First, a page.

Herein, $\nu$ is the frequency of the loose vibration. We assumed that this vibration was very weak (loose). In that case we can apply a Taylor expansion to the exponent and cut off the series after the first term. This gives us:

$$f = \frac{1}{1 - 1 + \frac{h \nu}{k_{b}T}} = \frac{k_{b}T}{h \nu}$$

Plugging this result back into our original rate expression gives

$$k = \nu \frac{k_{b}T}{h \nu} K^{\dagger} = \frac{k_{b}T}{h} K^{\dagger}$$

Here, I have put a $\dagger$ after the equilibrium constant to make clear that I have extracted one partition function (that of the loose vibration) out of the equilibrium constant.

From the dimensional analysis of $\frac{k_{b}T}{h}$, you can see that $k$ should have units of $s^{-1}$ and not something else.

• Except your last sentence is not the case: the units of $h$ are $\mathrm{\frac{J}{Hz}} \equiv \mathrm{\frac{J~s}{cyc}}$, which should provide units of $\mathrm{\frac{cyc}{s}}$ to $k$. – hBy2Py Jan 4 '16 at 12:42
• In the original paper of Planck (Ann. d. Phys., 1901, 4, 553), the units for $h$ are given as $erg \cdot s$, which in S.I. would be $J \cdot s$. Since then, I believe we agree upon the dimensionality of this constant. For instance, IUPAC also defines it as $J \cdot s$. Where do these cycles originate from? – Ivo Filot Jan 4 '16 at 14:24
• It originates in the difference between angular and cyclic frequency. A wave with cyclic frequency $f = 1~\mathrm{\frac{cyc}{s}} = 1~\mathrm{Hz}$ has an angular frequency of $\nu = 2\pi~\mathrm{\frac{rad}{s}}$. 'Cycles' are generally taken as dimensionless, and radians are strictly dimensionless; thus we end up with two sets of units that, propagated incautiously, are both written as "$\mathrm{s}^{-1}$" but that differ numerically by a factor of $2\pi$. – hBy2Py Jan 4 '16 at 14:37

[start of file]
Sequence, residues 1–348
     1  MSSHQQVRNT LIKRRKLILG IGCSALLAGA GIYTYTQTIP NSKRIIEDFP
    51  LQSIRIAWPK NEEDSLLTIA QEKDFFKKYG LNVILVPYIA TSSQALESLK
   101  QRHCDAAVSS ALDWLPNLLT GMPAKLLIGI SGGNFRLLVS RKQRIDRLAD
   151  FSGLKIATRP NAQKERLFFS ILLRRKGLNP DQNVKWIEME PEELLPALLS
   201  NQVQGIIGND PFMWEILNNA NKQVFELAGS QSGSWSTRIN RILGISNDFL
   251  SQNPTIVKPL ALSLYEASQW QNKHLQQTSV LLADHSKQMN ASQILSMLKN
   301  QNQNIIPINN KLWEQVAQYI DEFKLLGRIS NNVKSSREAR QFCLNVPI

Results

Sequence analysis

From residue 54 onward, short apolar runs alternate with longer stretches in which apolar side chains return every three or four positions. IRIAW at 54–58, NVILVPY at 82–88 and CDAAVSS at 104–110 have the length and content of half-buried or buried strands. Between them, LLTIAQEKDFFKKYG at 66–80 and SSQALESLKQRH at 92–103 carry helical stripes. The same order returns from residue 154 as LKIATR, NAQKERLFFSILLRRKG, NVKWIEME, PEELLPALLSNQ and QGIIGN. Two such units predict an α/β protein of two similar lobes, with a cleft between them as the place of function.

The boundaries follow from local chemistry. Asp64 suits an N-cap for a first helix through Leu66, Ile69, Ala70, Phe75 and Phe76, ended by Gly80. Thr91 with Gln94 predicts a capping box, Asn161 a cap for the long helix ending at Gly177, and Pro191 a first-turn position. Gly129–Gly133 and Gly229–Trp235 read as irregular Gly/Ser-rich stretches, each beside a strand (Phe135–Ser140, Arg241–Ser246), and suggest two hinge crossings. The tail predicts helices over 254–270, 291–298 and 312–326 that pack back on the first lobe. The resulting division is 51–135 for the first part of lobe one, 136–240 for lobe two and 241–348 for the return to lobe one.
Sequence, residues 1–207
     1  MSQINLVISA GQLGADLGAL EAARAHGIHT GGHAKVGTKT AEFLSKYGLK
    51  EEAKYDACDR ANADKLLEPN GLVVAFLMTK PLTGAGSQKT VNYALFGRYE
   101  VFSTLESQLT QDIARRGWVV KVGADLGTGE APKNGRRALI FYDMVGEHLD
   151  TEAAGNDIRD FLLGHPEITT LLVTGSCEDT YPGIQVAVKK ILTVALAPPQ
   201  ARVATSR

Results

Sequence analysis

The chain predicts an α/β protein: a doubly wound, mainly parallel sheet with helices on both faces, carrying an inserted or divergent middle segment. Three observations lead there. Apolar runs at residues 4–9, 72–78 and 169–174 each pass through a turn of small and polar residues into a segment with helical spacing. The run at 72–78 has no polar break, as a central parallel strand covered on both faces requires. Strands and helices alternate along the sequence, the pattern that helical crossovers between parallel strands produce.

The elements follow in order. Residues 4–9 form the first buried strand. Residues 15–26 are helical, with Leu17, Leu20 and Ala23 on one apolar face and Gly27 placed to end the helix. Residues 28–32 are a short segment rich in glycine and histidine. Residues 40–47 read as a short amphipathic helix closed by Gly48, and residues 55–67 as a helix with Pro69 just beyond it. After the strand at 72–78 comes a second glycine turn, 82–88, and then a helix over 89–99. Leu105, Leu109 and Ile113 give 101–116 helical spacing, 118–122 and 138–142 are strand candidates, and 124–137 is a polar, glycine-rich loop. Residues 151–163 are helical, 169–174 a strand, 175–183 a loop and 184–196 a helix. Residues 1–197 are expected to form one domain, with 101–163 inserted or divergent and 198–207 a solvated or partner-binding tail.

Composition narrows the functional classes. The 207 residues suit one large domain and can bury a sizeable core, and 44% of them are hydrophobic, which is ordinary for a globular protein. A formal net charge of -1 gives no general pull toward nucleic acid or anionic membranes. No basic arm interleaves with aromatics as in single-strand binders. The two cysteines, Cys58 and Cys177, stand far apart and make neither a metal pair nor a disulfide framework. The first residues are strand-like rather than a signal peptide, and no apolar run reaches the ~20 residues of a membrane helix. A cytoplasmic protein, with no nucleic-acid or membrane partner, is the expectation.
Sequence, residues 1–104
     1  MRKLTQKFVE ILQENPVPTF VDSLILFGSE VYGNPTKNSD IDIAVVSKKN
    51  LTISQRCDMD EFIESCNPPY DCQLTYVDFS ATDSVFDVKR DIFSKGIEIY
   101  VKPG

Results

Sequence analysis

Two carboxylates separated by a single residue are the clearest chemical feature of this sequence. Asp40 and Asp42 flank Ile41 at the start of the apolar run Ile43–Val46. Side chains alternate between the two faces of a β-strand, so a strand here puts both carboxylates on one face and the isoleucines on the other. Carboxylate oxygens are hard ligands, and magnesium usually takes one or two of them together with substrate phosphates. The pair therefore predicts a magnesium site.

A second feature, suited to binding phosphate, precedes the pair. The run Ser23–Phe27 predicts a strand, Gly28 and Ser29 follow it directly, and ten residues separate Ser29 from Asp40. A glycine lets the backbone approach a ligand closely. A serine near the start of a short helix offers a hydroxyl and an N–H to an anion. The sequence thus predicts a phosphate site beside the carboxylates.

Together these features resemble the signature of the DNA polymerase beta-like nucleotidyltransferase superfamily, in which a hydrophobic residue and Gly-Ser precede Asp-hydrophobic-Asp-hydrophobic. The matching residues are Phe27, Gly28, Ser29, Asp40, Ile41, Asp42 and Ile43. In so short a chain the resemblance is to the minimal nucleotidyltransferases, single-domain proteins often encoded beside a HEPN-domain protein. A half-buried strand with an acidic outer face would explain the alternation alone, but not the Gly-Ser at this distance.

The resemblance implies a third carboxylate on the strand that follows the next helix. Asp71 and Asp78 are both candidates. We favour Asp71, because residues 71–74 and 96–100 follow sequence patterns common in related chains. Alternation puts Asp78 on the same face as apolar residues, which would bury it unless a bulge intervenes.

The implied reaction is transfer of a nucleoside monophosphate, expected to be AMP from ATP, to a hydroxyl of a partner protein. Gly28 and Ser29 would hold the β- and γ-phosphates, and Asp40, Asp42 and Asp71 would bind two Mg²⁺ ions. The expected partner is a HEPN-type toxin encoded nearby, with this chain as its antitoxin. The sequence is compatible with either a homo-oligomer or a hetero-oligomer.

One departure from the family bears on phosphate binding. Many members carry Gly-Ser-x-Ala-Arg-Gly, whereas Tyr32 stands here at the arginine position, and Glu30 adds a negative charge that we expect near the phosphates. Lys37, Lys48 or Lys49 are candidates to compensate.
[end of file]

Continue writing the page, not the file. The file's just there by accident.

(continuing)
• Sure. That I understand. But neither Eyring nor Planck actually mention these in their publications. To be honest, I also never have heard of this during my own education and this (the cycles part) is also not mentioned in the course books that I used. I also looked in the books of Pauling (Introduction to Quantum Mechanics) and the one of Glasstone & Eyring (The Theory of Rate Processes); it is also not mentioned in these. What am I missing? – Ivo Filot Jan 4 '16 at 14:43
• For going to the effort of tracking down Eyring's original paper and working through a bunch of the math: BOUNTY! – hBy2Py Jan 11 '16 at 16:28

The Eyring equation is numerically correct, despite the apparent units problem.

To understand the origin of the problem, one must go all the way back to the underlying statistical and quantum mechanics, since Eyring treated the motion across the transition state as being effectively a translation (J Chem Phys 3: 107, 1935, p109, emphasis added):

The activated state is because of its definition always a saddle point with positive curvature in all degrees of freedom except the one which corresponds to crossing the barrier for which it is of course negative. ... A configuration of atoms corresponding to the activated state thus has all the properties of a stable compound except in the normal mode corresponding to decomposition and this mode because of the small curvature can be treated statistically as a translational degree of freedom.

The starting point is the Hamiltonian for a particle in a box:

$$H = - {\hbar^2 \over 2m}{d^2 \over dx^2} \tag{1}$$